While these guitars hold their own acoustically against other production classicals, they really shine when plugged in. I was astounded at how well they record when connected directly to a mixer. The soundboard transducer sounds especially sweet, although it’s much quieter than the saddle pickup, which brings muscle and definition to the party. To my ears, a ratio of 90 percent soundboard to 10 percent saddle produces an ideal blend of warmth and edge. Add an external condenser mic to the equation, and you’ll revel in a stunning amalgam of acoustic and direct tone. If you record these signals on separate tracks and pan them slightly apart, you’ll be rewarded with a huge, vibrant sound. Best of all, these studio-friendly Taylors encourage timbral experimentation. Have you heard nylon strings through a Leslie simulator? Whoa—try that on your next rhythm track.

When it comes to amps, the NS guitars are quite accommodating. For example, the 72 sounded groovy cranked through a Vox AC15: Some wicked trem and spring reverb added a Twin Peaks vibe to Jobim-inspired chords, while the notch filter and sweepable EQ proved useful in reducing feedback.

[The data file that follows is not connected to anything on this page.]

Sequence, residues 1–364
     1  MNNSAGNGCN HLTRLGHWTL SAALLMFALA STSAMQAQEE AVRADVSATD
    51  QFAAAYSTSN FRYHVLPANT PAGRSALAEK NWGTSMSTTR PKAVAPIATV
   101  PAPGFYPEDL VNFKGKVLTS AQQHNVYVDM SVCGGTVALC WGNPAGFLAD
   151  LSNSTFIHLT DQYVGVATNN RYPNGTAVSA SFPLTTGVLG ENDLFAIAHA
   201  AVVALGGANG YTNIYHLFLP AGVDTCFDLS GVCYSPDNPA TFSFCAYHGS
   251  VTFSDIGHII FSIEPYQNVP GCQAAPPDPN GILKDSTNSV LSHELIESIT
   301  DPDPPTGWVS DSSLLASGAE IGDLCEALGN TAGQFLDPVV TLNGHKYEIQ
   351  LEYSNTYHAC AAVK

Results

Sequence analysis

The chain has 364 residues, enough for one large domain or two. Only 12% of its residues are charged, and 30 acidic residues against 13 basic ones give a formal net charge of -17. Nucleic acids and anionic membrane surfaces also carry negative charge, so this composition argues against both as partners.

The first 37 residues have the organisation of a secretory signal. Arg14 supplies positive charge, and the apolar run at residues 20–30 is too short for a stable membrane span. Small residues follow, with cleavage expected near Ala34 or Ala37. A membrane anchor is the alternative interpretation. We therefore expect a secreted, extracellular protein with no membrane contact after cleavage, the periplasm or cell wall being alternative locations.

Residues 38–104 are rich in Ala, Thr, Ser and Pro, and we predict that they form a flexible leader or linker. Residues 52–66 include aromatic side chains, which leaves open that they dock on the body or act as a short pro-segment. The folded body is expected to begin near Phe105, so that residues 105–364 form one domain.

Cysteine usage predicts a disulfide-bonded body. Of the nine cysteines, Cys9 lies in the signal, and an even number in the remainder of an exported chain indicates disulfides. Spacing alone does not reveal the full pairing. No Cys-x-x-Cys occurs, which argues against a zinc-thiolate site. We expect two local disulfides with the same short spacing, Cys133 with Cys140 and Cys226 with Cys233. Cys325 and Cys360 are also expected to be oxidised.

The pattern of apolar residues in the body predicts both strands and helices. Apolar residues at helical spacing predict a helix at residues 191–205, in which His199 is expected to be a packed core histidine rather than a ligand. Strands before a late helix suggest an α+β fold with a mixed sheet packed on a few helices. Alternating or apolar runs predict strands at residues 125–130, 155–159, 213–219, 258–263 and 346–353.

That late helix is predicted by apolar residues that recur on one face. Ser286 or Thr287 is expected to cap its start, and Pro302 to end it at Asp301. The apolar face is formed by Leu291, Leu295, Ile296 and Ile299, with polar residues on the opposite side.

If you’re aching to explore classical guitar, you’ll want a more traditional instrument than either of these Taylors—one that has a wider fretboard and string spacing, and is more delicately crafted to generate the widest possible spectrum of acoustic timbres. If, however, you want to play contemporary music on nylon strings—jazz, bossa nova, or any shade of pop—you won’t find a better option than the Taylor NS62ce or NS72ce. Their expressive sound, tight construction, inviting fretboard, and potent electronics make these guitars ideal for anyone crossing over from the steel-string world.